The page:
A Brief Note On The Iraqi Highway Design Manual Of Meet The Present And Growing Needs

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expressways, should be include the recognition of an existing description to meet the present and growing needs in the future. This problem will result in a series of actions, starting with searching out the data and screening geographic areas and specific locations. Routes that satisfy the screening criteria are subject to detailed evaluation, economic, demographic, facility condition, and systems performance data may be kept in a variety of forms, tabular databases, images and maps [9].
The Iraqi Highway design manual of 1982 grouped roads into a three-level; hierarchy of primary, secondary and tertiary highways. There is a secondary classification which has roads grouped into one of 4 classes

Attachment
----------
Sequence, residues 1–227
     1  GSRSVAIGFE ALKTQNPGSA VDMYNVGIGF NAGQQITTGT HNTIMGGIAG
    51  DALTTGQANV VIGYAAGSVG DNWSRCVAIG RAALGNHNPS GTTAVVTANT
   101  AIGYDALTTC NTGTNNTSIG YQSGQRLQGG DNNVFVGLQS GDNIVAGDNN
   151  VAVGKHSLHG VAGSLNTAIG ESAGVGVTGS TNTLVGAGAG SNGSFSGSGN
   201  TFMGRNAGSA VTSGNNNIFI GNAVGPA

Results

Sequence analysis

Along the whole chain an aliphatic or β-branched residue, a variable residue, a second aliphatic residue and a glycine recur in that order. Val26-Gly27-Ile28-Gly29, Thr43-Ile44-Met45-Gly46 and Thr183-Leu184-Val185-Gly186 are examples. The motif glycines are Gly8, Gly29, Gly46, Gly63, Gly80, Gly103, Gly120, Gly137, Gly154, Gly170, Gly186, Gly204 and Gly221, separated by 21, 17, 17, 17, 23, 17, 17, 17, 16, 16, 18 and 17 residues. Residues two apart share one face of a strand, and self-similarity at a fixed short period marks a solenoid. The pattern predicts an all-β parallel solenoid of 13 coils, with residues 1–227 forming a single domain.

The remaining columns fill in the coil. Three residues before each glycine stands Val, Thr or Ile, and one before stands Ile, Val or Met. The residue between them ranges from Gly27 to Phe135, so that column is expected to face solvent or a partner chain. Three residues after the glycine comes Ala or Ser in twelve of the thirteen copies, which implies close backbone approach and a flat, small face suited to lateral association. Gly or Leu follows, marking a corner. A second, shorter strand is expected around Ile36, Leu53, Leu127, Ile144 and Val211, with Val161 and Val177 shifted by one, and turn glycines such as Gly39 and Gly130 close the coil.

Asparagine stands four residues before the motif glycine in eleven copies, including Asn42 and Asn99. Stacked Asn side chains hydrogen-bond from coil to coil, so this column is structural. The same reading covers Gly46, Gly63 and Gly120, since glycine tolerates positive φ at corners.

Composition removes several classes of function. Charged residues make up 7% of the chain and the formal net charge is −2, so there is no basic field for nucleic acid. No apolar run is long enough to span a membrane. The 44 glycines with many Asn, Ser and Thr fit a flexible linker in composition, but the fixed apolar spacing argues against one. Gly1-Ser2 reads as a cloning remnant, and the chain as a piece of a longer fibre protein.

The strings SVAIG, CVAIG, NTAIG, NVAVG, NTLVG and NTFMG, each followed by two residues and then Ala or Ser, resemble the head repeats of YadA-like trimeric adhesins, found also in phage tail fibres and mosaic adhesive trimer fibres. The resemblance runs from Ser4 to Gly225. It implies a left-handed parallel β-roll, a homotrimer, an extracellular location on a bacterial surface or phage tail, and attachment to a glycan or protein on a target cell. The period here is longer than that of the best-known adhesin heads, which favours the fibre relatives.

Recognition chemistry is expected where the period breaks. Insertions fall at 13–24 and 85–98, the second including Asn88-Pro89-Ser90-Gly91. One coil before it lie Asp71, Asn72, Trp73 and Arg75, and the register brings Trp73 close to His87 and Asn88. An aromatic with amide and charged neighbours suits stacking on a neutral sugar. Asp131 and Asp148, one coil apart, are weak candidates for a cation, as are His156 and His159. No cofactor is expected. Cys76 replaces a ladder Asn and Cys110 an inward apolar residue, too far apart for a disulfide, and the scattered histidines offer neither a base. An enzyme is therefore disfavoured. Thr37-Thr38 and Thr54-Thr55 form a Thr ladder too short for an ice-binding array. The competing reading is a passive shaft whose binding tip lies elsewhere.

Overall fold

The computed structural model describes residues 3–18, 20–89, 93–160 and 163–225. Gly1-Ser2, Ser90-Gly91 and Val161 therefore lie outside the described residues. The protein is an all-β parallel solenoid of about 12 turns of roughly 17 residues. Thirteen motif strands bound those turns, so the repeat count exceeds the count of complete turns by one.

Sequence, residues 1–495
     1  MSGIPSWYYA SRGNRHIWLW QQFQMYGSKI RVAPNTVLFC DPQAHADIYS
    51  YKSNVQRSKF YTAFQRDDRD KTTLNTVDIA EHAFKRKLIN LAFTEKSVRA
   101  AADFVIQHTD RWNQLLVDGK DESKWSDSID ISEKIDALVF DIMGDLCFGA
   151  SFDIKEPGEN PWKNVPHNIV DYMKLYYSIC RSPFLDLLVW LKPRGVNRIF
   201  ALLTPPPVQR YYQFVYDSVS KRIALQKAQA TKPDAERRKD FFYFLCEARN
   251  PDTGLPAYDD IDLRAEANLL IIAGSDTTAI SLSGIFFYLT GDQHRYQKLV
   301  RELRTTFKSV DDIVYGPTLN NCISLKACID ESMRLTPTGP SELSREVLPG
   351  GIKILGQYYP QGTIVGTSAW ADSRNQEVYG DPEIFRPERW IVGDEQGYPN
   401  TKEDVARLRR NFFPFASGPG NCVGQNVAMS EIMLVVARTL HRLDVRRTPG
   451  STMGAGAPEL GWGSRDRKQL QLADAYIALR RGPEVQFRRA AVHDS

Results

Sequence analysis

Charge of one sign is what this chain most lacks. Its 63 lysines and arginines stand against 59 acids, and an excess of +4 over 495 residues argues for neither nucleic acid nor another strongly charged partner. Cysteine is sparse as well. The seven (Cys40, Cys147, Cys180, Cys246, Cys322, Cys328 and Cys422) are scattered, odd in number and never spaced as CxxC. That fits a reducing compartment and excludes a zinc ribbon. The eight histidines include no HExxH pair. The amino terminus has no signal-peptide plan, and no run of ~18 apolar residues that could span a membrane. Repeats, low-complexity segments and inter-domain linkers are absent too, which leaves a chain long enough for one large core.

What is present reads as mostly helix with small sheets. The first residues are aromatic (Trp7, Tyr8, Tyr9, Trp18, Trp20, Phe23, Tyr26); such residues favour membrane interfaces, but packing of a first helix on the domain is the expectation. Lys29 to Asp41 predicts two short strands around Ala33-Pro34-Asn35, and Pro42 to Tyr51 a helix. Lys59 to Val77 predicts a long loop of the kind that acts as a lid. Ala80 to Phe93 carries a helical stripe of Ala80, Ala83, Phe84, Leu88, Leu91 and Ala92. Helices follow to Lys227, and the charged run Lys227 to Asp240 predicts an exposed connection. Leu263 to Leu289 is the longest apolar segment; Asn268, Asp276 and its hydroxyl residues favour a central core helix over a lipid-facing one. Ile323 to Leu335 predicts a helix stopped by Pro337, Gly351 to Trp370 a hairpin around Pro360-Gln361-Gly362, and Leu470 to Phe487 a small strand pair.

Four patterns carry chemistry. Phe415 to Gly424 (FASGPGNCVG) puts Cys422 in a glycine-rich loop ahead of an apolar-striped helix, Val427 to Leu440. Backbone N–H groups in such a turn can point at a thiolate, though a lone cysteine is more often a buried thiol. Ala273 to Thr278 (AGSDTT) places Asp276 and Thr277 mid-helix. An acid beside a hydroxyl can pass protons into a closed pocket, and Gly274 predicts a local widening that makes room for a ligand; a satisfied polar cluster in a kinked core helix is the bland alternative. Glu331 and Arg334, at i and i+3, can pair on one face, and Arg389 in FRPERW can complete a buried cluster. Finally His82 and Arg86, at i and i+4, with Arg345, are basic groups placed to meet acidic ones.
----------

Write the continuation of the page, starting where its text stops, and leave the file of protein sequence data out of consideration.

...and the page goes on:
(A, B, C, D). The allocation of a road to a classification determines factors such as its design speed, total width of highway and design capacity etc. [5] (Tab.1)
The expressway system in Iraq appears to be in fair condition, and the primary and secondary roads, most of which are in average condition, were designed over twenty years ago. However, in the intervening years, there has been limited maintenance, consistent overloading of freight trucks, and excessive use by heavy military vehicles. This resulted in a significant backlog of maintenance, which only began to be addressed in 2000 when a modest budget was allocated to implement an initial maintenance program [1] [4] [10].While about 50% of the expressway system is considered to be in fair conditions, the percentage of primary

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